What is a Latent Defect? Plus: 6 Steps to Take if Your House Has One
As a new homeowner, one of the most distressing things that can happen is that you discover major hidden defects with a house that you’ve just purchased. Not only is it extremely upsetting to find out that the condition of the property you thought you were getting is very different than what you actually ended up with, you are probably angry because you feel like you were “tricked” by the seller.
In the 30 years that I’ve been practicing real estate law in Howard County, MD, I have received thousands of calls from panicked homeowners wondering, “What do I do now?” To answer that, we have to determine if the issue at hand qualifies as a latent defect under Maryland real estate law.
Bad Luck… or Latent Defect?
Some of the most common hidden defects that are discovered post-settlement include:
- Water Damage
- Termite damage
- Well & septic issues
- Electrical issues
- Roofing issues
- Plumbing issues
- Foundation & other structural problems
Why wasn’t this problem discovered during my home inspection?
Many people wonder why they weren’t alerted to their problem during the home inspection, when they still had the opportunity to get out of the contract. The truth is that many of the issues mentioned above wouldn’t be obvious to either the buyer or the home inspector before settlement was completed.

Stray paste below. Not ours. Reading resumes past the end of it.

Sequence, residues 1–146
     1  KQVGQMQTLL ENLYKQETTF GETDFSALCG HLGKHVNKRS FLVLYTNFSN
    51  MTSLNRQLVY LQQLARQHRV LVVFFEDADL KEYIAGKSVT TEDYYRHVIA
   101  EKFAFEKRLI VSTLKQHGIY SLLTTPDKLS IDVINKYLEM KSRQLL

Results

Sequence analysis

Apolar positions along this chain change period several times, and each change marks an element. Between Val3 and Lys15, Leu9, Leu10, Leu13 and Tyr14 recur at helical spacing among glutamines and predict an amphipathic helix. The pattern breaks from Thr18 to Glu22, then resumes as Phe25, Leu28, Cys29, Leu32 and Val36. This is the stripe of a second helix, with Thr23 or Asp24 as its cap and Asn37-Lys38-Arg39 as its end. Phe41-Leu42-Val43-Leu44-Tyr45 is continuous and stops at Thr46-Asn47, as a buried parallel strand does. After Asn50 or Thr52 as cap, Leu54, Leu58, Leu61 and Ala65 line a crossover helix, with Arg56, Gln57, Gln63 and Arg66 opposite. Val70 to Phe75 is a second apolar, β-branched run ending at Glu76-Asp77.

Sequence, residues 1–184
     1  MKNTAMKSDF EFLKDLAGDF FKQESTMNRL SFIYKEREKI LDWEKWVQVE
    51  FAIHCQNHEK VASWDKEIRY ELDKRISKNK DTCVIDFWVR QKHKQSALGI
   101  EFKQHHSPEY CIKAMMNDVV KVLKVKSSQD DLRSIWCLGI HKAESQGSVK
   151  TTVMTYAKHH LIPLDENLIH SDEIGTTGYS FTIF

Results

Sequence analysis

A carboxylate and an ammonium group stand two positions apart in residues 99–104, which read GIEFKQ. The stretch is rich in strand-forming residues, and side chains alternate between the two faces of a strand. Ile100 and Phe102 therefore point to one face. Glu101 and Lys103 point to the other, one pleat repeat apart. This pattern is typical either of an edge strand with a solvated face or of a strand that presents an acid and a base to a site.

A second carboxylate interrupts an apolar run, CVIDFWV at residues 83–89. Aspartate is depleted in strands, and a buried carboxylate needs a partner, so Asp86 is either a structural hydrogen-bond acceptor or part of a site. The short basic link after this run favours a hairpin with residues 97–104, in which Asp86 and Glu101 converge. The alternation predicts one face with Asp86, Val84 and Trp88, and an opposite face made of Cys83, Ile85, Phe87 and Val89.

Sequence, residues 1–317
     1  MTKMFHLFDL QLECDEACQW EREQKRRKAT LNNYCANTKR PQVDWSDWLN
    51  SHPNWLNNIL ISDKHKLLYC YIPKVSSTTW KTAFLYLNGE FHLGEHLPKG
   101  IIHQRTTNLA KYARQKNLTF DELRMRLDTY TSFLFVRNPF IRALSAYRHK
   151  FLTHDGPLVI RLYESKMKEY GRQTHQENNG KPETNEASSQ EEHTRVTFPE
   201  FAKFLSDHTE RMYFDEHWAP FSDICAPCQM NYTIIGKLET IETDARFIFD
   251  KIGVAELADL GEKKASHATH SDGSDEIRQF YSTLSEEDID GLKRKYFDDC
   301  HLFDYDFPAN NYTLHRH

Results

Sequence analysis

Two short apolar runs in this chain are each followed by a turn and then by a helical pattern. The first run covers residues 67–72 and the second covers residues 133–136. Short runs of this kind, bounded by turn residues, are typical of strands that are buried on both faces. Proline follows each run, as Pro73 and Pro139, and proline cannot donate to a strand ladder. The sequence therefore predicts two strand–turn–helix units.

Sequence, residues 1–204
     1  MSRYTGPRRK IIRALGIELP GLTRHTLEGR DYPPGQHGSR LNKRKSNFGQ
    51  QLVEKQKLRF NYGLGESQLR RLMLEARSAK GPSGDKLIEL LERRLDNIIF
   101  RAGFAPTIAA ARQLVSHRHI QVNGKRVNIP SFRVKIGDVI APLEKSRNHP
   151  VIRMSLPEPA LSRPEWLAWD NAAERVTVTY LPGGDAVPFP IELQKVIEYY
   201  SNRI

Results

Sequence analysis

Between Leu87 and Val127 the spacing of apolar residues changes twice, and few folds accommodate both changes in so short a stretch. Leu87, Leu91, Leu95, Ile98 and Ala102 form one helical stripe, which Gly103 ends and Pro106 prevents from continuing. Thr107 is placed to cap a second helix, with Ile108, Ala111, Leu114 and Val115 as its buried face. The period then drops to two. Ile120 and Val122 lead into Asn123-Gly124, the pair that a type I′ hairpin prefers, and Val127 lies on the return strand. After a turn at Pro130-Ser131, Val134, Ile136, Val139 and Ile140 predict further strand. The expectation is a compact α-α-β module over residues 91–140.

Most buyers have very competent home inspectors that do their very best to help uncover some of these unseen issues. Unfortunately, even the most experienced home inspector can’t detect certain hidden defects. Much too often, these major problems are discovered by the homeowner later, after living in the home under normal living conditions.
For example, let’s consider the all-too-common scenario below:
John knows his house has faulty windows because they leak every time it rains. Before putting his house on the market, John repairs all existing water damage and covers up any evidence of water penetration around the window areas. Sarah puts in an offer to buy the home, with a home inspection contingency. John accepts Sarah’s offer.
The home inspection is done on a sunny day, and the home inspector sees no visible signs of window leakage. John and Sarah complete settlement, and Sarah is now a first-time homeowner! Two weeks later, there is a major rain storm while Sarah is out of town for the weekend. The windows leak, and the sitting water causes $7,000 worth of damage to the window sills, drywall, and flooring below.
Definition of Latent Defect in Maryland Real Estate Law